The Czech president, Miloš Zeman, has caused an outcry by saying he will not confer the title of professor on a Charles University academic. Czech heads of state normally just rubberstamp such decisions, and Mr. Zeman’s position on the appointment of Martin C. Putna is wholly unprecedented. The president has not been entirely clear on the reasons – but says he objected to a placard the academic carried in a gay pride march.
In a satirical video released during January’s presidential election, Martin C. Putna imitated Russian leader Vladimir Putin. Wearing an ushanka and holding a bottle of liquor in his hand, the Charles University academic advised Czechs to elect Miloš Zeman to make sure Russia’s interests in the country were protected.
Mr. Zeman has denied that Mr Putna’s support for his rival in the presidential vote is behind his reluctance to appoint him professor. After initially refusing to reveal his motivation, the president told reporters on Monday that he thought Mr Putna’s involvement in a 2011 gay pride parade was unfitting for an academic. The head of state said he respected Mr Putna’s sexual orientation. “But it’s something entirely different when you walk around Prague with a sign that says, ‘Catholic queers salute Bátora’”, he told reporters. Ladislav Bátora is an ultra-conservative former public official who then served as advisor to the education minister.
Mr. Putna is a leading Czech literary historian and an expert on Catholic literature. He has authored some highly acclaimed works, including a spiritual biography of Václav Havel and a study on homosexuality in the history of Czech culture.
Under Czech law, professors are formally appointed by the president. However, previous post-Communist heads of state Václav Havel and Václav Klaus never refused to respect the choice of the university officials who are in charge of the appointment process. Jiří Zlatuška is deputy chair of Czech Republic’s Council of Higher Education Institutions and a former rector of Brno’s Masaryk University.
“Such a step, if taken by the president as informally announced by the president to the education minister, would be an unprecedented intervention of politics into the academic sphere. That’s one thing. Another is that it would be against the law, it would be against the obligations the president has to fulfil.”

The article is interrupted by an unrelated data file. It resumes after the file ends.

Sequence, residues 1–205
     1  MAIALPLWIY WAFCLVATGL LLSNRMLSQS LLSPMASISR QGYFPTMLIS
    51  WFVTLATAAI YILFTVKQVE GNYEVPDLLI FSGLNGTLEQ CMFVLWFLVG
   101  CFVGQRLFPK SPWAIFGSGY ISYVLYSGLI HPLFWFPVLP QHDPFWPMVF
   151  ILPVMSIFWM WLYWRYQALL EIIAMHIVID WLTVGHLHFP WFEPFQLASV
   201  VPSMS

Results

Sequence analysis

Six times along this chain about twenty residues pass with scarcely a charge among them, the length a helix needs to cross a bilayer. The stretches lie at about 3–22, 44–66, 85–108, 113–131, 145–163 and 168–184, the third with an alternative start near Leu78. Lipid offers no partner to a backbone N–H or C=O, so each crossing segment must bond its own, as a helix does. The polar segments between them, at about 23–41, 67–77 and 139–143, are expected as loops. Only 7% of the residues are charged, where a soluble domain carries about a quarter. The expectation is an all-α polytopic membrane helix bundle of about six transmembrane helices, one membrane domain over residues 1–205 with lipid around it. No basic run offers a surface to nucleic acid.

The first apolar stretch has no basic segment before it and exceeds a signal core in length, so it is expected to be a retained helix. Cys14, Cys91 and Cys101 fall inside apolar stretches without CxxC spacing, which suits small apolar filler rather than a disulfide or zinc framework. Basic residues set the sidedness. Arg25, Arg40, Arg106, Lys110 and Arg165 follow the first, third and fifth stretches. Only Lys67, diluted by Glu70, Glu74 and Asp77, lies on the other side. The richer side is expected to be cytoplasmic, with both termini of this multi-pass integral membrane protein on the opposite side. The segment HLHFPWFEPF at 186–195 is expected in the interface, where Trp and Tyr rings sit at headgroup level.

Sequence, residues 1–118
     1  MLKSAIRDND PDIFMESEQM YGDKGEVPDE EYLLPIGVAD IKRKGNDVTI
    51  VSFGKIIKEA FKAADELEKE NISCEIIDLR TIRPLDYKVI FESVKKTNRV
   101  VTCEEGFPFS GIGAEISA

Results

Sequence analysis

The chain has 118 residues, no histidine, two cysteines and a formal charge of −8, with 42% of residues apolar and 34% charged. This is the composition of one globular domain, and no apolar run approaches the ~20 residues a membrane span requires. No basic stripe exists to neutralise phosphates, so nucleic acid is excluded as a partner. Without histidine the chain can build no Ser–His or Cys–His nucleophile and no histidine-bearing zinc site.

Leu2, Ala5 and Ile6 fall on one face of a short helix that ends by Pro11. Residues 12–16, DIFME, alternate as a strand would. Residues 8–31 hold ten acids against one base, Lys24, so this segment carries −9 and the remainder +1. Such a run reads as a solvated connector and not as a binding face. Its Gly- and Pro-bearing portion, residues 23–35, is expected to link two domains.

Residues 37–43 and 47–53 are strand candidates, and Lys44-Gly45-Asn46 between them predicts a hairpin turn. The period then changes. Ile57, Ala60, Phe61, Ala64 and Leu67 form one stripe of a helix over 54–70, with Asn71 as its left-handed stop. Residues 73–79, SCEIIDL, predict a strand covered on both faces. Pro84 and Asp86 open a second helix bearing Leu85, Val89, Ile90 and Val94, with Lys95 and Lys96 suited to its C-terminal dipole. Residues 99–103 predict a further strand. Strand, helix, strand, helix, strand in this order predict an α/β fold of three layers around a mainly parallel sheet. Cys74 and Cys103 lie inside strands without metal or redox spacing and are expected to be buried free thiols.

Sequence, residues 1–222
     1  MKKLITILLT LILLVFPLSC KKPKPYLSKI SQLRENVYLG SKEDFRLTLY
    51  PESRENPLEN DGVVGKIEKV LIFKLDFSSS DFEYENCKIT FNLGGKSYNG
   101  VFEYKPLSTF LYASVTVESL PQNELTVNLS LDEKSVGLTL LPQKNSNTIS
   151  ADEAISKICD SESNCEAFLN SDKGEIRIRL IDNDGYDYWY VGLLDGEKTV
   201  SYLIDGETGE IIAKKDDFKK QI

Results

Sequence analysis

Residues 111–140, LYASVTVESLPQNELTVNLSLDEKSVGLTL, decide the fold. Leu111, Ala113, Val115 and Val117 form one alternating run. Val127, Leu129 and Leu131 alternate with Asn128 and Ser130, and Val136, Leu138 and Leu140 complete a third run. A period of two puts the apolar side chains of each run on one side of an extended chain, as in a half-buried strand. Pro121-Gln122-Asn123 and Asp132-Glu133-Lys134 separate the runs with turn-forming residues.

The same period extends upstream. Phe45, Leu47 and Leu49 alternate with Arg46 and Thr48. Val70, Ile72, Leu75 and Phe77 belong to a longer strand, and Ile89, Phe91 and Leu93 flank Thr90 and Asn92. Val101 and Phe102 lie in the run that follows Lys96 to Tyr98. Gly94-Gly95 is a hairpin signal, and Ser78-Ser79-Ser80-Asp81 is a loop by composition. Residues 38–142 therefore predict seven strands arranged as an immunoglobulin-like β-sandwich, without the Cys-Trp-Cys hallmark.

The president’s move has caused uproar in the academic community and among some politicians. Some said he was behaving like communist president Klement Gottwald. Others believe that Mr Zeman is testing how far he can go in extending his powers.
Charles University students, meanwhile, have started organizing rallies in support of Mr Putna. They also called on some two dozen other professorial candidates due to be appointed next month to show solidarity with the academic and refuse to accept the title from Mr Zeman. Mr Zlatuška supports that idea.
“In my understanding, everybody in the academic community is Mr Putna in this situation. This is about protecting the academic community rather than defending one individual. Of course, I pity everybody who would be awarded the title at the ceremony in June if Mr Putna is not there. Those degrees signed by the president would have the symbolic value of trash.”
Mr Putna himself says he will leave the issue to Charles University officials. The university’s rector, Václav Hampl, has demanded an explanation from the president, and is set to meet Mr Zeman later this week.
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